Surgical aortic valve replacement should remain the standard treatment for aortic stenosis

Oct 20, 2010

Despite the promising results of the "Placement of Aortic Transcatheter Valves (PARTNER) trial," featured in the Oct. 21 issue of the New England Journal of Medicine, a cardiothoracic surgeon from Boston Medical Center (BMC) believes that surgical aortic-valve replacement should remain the standard treatment of aortic stenosis. In the accompanying editorial, the author argues that Transcatheter aortic-valve implantation (TAVI) should be reserved for patients at inordinately high risk who are not suitable candidates for surgery and who have decreased life expectancy.

Aortic-valve replacement is the most effective treatment to alleviate symptoms and improve survival in patients with critical . However, a substantial number of these patients have coexisting conditions that preclude surgery. Since outcomes with medical management are poor, a less invasive and safer alternative to surgical is needed for this expanding group of patients.

TAVI has emerged as an alternative treatment for aortic stenosis in patients who are considered to have a high or prohibitive surgical risk. In this week's Journal, Martin B. Leon and his coauthors report the results of the PARTNER trial, a prospective, randomized, multicenter trial to determine the optimal method of treating patients with critical aortic stenosis who are considered not to be suitable candidates for surgery. Patients who underwent TAVI as compared with patients receiving medical management, had a significantly lower rate of death at one year, fewer hospital readmissions, and a reduction in cardiac symptoms. These improved outcomes were achieved, however, at the cost of a significant increase in the rate of major strokes and vascular events.

"Now that there is evidence-based clinical data to substantiate the benefits of TAVI in patients who are not suitable candidates for surgery, there will be a temptation to expand this technology to all patients with aortic stenosis," said editorial author Harold Lazar, MD, a professor of cardiothoracic surgery and Director of the Cardiothoracic Surgical Laboratories at the Boston University School of Medicine (BUSM).

According to Lazar a number of issues must be resolved prior to deciding what role TAVI may play in the treatment of aortic stenosis including criteria to determine who is not a candidate for surgical aortic-valve replacement, who should perform TAVI and where should it be performed. "Only when these issues are addressed can we determine where we go from here," he stressed.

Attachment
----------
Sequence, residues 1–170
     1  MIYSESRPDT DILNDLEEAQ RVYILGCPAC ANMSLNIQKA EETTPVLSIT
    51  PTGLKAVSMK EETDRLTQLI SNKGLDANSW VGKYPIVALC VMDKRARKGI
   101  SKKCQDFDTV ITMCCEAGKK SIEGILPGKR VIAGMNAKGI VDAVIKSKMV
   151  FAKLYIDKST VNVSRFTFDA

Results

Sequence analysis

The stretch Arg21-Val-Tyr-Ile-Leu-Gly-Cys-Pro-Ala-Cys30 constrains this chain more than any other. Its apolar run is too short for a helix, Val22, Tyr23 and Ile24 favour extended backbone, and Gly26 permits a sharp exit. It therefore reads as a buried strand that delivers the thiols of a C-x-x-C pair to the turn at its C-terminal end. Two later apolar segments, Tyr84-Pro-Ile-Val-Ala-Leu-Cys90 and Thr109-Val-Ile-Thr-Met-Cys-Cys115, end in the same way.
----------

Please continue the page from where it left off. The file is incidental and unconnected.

"Given what we know, TAVI should not be performed in patients with long life expectancies. Prospective, adequately powered, randomized trials comparing TAVI with surgical aortic-valve replacement in both high-risk and low-risk patients will be necessary to further define the role of TAVI in the treatment of aortic stenosis," he added.

Explore further: Flu season, early again, hitting hard in South and Midwest

Provided by Boston University Medical Center

not rated yet
add to favorites email to friend print save as pdf

Related Stories

Heart valves implanted without open-heart surgery

Jan 07, 2009

An innovative approach for implanting a new aortic heart valve without open-heart surgery is being offered to patients at NewYork-Presbyterian Hospital/Columbia University Medical Center. Known as the PARTNER (Placement of ...

Major discovery in the treatment of aortic valve stenosis

Apr 18, 2008

A team of scientists from the Université de Montréal and the Montreal Heart Institute Research Centre, led by Dr. Jean-Claude Tardif, has completed an important study that show how a new type of medication can lead to an ...

Few complications one year after aortic valve implantation

Sep 21, 2009

Research presented at the 21st annual Transcatheter Cardiovascular Therapeutics (TCT) scientific symposium, sponsored by the Cardiovascular Research Foundation (CRF), demonstrated an "exceptionally low" rate of complications ...

Recommended for you

Evidence-based recs issued for systemic care in psoriasis

19 hours ago

(HealthDay)—For appropriately selected patients with psoriasis, combining biologics with other systemic treatments, including phototherapy, oral medications, or other biologic, may result in greater efficacy ...

Bacteria in caramel apples kills at least four in US

19 hours ago

A listeria outbreak believed to originate from commercially packaged caramel apples has killed at least four people in the United States and sickened 28 people since November, officials said Friday.

Steroid-based treatment may answer needs of pediatric EoE patients

20 hours ago

A new formulation of oral budesonide suspension, a steroid-based treatment, is safe and effective in treating pediatric patients with eosinophilic esophagitis (EoE), according to a new study in Clinical Gastroenterology and Hepatology, the official clinical practice journal ...

Discovery of genes that predispose a severe form of COPD

22 hours ago

A study by Ramcés Falfán-Valencia, researcher at the National Institute of Respiratory Diseases (INER), found that the mestizo Mexican population has a number of variations in certain genes that predispose ...

On the environmental trail of food pathogens

23 hours ago

Tracking one of the deadliest food contamination organisms through produce farms and natural environments alike, Cornell microbiologists are showing how to use big datasets to predict where the next outbreak could start.

User comments : 0

Please sign in to add a comment. Registration is free, and takes less than a minute. Read more

Click here to reset your password.
Sign in to get notified via email when new comments are made.